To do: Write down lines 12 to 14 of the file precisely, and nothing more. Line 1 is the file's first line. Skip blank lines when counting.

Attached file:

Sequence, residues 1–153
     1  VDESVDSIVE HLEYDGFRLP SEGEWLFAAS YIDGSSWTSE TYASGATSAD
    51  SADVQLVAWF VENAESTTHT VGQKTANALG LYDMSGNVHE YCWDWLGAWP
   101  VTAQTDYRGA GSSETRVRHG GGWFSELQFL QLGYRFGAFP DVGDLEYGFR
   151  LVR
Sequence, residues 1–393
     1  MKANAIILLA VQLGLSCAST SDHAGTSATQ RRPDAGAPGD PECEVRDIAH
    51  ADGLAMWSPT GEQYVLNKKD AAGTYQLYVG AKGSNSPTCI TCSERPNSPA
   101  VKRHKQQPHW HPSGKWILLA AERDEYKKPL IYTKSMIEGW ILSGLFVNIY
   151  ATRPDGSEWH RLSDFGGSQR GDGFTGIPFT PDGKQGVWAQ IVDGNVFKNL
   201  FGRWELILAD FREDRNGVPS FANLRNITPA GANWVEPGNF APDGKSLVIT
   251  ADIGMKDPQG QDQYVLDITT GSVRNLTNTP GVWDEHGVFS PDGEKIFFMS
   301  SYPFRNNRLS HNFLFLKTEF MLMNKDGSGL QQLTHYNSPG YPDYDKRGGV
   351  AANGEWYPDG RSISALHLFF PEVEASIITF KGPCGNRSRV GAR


   251  ADIGMKDPQG QDQYVLDITT GSVRNLTNTP GVWDEHGVFS PDGEKIFFMS
   301  SYPFRNNRLS HNFLFLKTEF MLMNKDGSGL QQLTHYNSPG YPDYDKRGGV
   351  AANGEWYPDG RSISALHLFF PEVEASIITF KGPCGNRSRV GAR